A salty wind bows the dune grasses. Breakers crash powerfully on shore. An orange glow casts across the sky as the sun sinks slowly beneath the horizon. Twenty-six miles of uninterrupted sand stretch out ahead.
With daily scenes like this, it's easy to see why the Long Beach Peninsula is the perfect place to ride off into the sunset. And many do.
For those who do not own horses
There are many opportunities for those who do not own horses to enjoy an occasional ride on the beach. Located on the 10th Street beach approach, there are two businesses which conduct their own guided tours.
On these tours, the horses are provided along with a trained professional who leads each group and can assist in the rare case of an emergency.
Although many are disappointed that they must be accompanied by a guide on such tours, the premise behind it is good.
The beach, like horses themselves, can often be unpredictable. As almost every local horseman knows, "You never ride alone at the beach."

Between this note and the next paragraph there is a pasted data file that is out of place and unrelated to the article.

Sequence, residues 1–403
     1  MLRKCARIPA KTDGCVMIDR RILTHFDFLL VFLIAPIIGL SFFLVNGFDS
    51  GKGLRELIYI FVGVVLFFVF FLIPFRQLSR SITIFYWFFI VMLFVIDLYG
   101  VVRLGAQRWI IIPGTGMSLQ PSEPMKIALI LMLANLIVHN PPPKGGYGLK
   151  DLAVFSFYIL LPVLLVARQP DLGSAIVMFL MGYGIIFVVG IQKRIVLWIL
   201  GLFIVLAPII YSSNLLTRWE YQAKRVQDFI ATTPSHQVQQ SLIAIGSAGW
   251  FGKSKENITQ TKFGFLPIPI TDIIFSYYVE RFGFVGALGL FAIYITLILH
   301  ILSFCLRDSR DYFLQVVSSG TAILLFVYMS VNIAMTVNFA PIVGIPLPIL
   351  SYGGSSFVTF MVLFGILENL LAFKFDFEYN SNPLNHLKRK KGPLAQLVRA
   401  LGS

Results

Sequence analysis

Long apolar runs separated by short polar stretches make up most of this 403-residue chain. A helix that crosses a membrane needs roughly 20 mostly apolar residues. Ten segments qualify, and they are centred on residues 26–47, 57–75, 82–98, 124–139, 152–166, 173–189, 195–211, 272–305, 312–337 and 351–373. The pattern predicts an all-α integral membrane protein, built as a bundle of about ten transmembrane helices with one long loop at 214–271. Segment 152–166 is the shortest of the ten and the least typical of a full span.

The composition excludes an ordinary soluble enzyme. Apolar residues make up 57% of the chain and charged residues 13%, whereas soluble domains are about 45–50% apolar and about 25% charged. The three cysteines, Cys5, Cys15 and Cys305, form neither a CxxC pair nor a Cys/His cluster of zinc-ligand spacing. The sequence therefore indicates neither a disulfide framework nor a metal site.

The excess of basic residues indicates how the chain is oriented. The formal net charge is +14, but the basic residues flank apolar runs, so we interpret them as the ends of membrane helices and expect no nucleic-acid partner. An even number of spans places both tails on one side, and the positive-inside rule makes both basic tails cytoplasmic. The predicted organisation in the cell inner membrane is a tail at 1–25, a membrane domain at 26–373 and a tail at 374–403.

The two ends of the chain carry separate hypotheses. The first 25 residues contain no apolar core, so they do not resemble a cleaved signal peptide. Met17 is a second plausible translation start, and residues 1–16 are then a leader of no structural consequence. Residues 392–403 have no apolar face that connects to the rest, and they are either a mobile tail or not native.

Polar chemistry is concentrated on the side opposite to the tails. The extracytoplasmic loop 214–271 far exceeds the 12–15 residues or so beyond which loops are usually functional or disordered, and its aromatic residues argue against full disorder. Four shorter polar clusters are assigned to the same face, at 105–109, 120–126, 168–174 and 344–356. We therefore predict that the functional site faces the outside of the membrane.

For those who do own horses
For those who do own horses, you will quickly find that there is no better friend with which to explore the beach than your four-legged equine companion. Beware of initial spookiness, though. Many locals find that their horses are a little wary of the roaring ocean and the colorful kites.
However, after one time, the horses seem to settle in as much as their riders and enjoy the open stretches of land before them.
The only thing to keep in mind is that there is only one Long Beach approach open to the use of horseback riders-10th Street. It is just as well that 10th Street is the only open approach, for this is the street that leads to the two stabling establishments in the area.
Just a couple miles down 10th Street, and a jig to the left, are the only two places to board horses in the area at present, Peninsula Saddle Club's Rodeo Grounds and the Red Barn Arena.